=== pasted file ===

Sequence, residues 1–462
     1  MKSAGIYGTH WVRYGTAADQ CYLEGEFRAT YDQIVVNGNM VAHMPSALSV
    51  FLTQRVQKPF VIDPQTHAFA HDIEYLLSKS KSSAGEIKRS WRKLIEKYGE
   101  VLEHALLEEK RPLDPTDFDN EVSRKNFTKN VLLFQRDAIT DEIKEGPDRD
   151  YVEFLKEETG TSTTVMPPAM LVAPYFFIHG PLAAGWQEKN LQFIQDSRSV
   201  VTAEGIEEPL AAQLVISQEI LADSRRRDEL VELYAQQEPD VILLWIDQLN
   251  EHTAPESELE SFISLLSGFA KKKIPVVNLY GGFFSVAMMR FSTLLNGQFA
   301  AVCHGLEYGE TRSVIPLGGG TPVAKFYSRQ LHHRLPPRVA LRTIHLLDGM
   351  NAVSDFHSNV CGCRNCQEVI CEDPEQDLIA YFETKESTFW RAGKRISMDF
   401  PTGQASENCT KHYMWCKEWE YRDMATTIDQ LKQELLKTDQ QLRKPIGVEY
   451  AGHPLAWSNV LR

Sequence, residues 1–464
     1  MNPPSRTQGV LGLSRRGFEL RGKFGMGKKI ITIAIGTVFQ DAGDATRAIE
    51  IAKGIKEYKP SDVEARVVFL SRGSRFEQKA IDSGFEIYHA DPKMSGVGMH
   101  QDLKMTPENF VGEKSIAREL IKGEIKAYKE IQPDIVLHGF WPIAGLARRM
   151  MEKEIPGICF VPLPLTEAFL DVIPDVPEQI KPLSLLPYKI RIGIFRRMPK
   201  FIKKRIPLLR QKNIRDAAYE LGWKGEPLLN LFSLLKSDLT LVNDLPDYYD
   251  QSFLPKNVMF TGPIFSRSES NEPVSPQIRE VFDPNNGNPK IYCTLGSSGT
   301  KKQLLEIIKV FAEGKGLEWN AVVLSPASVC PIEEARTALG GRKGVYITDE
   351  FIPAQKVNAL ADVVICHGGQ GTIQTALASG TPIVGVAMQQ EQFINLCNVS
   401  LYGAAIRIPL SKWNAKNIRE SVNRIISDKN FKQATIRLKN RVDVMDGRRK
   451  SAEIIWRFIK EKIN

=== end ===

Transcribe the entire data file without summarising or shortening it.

Sequence, residues 1–462
     1  MKSAGIYGTH WVRYGTAADQ CYLEGEFRAT YDQIVVNGNM VAHMPSALSV
    51  FLTQRVQKPF VIDPQTHAFA HDIEYLLSKS KSSAGEIKRS WRKLIEKYGE
   101  VLEHALLEEK RPLDPTDFDN EVSRKNFTKN VLLFQRDAIT DEIKEGPDRD
   151  YVEFLKEETG TSTTVMPPAM LVAPYFFIHG PLAAGWQEKN LQFIQDSRSV
   201  VTAEGIEEPL AAQLVISQEI LADSRRRDEL VELYAQQEPD VILLWIDQLN
   251  EHTAPESELE SFISLLSGFA KKKIPVVNLY GGFFSVAMMR FSTLLNGQFA
   301  AVCHGLEYGE TRSVIPLGGG TPVAKFYSRQ LHHRLPPRVA LRTIHLLDGM
   351  NAVSDFHSNV CGCRNCQEVI CEDPEQDLIA YFETKESTFW RAGKRISMDF
   401  PTGQASENCT KHYMWCKEWE YRDMATTIDQ LKQELLKTDQ QLRKPIGVEY
   451  AGHPLAWSNV LR

Sequence, residues 1–464
     1  MNPPSRTQGV LGLSRRGFEL RGKFGMGKKI ITIAIGTVFQ DAGDATRAIE
    51  IAKGIKEYKP SDVEARVVFL SRGSRFEQKA IDSGFEIYHA DPKMSGVGMH
   101  QDLKMTPENF VGEKSIAREL IKGEIKAYKE IQPDIVLHGF WPIAGLARRM
   151  MEKEIPGICF VPLPLTEAFL DVIPDVPEQI KPLSLLPYKI RIGIFRRMPK
   201  FIKKRIPLLR QKNIRDAAYE LGWKGEPLLN LFSLLKSDLT LVNDLPDYYD
   251  QSFLPKNVMF TGPIFSRSES NEPVSPQIRE VFDPNNGNPK IYCTLGSSGT
   301  KKQLLEIIKV FAEGKGLEWN AVVLSPASVC PIEEARTALG GRKGVYITDE
   351  FIPAQKVNAL ADVVICHGGQ GTIQTALASG TPIVGVAMQQ EQFINLCNVS
   401  LYGAAIRIPL SKWNAKNIRE SVNRIISDKN FKQATIRLKN RVDVMDGRRK
   451  SAEIIWRFIK EKIN